Do lit mags have the same chance for survival as popular titles?

By Harriet Staff

On Bookslut, Steve Black and Daniel Nester follow up on Black's 2010 study of the longevity of literary magazines called Serials Review. The study sought to examine the common assumption that literary magazines come and go in the night (or in at least only a couple of issues). Black took his data from Library Journal reviews, comparing 2,000 periodicals mentioned between 1980-1995 and sorting them into different categories, affiliated, non-affiliated, book reviews, and “little.” His surprising results showed that of the serials analyzed, literary magazines on the whole were at no greater risk for failure than your average special interest magazine.

Out of the study’s 502 literary magazines, those affiliated with colleges survived longer -- that is, published issues longer than five years -- on average (90%) than popular magazines (74%). That’s on par with scholarly journals in the social sciences (89%). Independent lit mags failed at a faster rate than popular magazines, but only by a few percentage points (68% versus 71% overall). “Little” magazines -- local interest or underground journals, many of them staple-bound or mimeographed zines -- did about as well as popular magazines for the first five years (73% compared to 74%), but did less well over the long haul (22% compared to 43%).

When Black and Nester took the data to the streets to make their case, however, they quickly ran into skepticism not just about the quality of their data but about the danger of assigning cultural value to a publication based on how long it runs. They point to a few examples of short-lived publications that perfectly encapsulated a particular moment in culture whose effect may have been diluted with longer exposure, and some that were only intended as one-offs or limited series in the first place.

One limitation, something everyone interviewed for this story was quick to point out, is that these data probably under-represent titles that fail within an issue or two, since the study is based on the magazines Library Journal chose as worthy of being reviewed over this 15-year period. Of the 2,000-plus magazines covered by the study, 136 failed within one year, including 42 lit mags.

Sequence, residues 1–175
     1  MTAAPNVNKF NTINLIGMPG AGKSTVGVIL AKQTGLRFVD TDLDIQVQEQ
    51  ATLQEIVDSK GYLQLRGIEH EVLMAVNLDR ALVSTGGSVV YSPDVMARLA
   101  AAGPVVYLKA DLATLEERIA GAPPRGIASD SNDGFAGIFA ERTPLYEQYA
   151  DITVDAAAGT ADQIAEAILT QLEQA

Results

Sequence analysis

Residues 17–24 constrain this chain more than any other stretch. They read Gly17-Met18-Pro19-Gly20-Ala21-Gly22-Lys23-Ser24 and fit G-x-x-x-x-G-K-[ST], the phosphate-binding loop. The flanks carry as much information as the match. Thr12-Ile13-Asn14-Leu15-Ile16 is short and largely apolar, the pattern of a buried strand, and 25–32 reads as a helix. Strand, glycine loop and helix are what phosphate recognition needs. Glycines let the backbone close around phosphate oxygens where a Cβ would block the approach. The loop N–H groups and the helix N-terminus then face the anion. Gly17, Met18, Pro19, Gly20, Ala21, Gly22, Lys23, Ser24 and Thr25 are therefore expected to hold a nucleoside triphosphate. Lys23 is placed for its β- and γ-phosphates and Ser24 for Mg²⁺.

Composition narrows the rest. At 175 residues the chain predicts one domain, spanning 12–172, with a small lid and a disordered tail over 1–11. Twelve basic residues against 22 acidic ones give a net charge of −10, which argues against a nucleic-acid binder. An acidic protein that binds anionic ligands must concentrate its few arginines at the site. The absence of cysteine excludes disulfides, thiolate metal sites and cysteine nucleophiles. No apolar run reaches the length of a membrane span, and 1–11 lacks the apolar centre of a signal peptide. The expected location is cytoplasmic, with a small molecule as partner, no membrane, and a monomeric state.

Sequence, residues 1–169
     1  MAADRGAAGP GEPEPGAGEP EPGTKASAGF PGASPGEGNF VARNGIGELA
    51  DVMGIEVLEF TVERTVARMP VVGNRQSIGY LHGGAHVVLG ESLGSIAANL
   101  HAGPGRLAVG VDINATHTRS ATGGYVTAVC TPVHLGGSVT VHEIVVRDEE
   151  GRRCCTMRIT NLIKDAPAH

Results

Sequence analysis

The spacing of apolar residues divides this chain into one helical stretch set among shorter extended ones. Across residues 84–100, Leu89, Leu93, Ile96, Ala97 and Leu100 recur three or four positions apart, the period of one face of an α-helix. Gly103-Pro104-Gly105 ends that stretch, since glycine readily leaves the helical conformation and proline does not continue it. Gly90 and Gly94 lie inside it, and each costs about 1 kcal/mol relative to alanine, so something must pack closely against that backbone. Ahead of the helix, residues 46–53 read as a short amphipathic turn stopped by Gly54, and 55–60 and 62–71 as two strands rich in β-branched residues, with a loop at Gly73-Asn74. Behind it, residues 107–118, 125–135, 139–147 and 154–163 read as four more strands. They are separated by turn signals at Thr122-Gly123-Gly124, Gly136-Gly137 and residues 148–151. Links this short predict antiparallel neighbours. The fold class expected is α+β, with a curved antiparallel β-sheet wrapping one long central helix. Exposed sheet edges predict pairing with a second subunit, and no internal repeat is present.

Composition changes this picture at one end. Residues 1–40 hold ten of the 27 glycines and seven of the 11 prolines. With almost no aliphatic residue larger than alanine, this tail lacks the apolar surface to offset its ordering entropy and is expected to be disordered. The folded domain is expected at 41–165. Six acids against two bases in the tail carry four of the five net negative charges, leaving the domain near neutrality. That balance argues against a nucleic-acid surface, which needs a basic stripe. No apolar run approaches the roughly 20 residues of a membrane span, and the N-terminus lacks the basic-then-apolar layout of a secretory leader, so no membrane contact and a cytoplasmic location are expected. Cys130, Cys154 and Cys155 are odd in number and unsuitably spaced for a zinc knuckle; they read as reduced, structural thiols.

Many micropress-run journals would fall under the Library Journal’s radar entirely, Robert Lee Brewer, Senior Content Editor at Writer’s Digest and editor of Writer’s Market and Poet’s Market, observes from his office in Duluth, Georgia. “Many literary journals that start up and break down within two years are started at home.” Even then, Brewer says, the data would miss many “ghost journals,” ones meant for local consumption by hobbyists or a group of friends, which has only increased online. On the other end of the spectrum, university-sponsored journals started since 1995 have probably fared even better than the average consumer magazine, Brewer points out, especially if it is part of a strong writing program.

While they may not have busted every myth, one that they can confidently stand behind is that there is no such thing as a "natural lifespan" for literary journals. Aside from journals with academic affiliations which are given a bit more time and support to get off the ground, Black and Nester haven't identified any standard "make-or-break" point-- aside from the standard 4% or so that fail each year on average.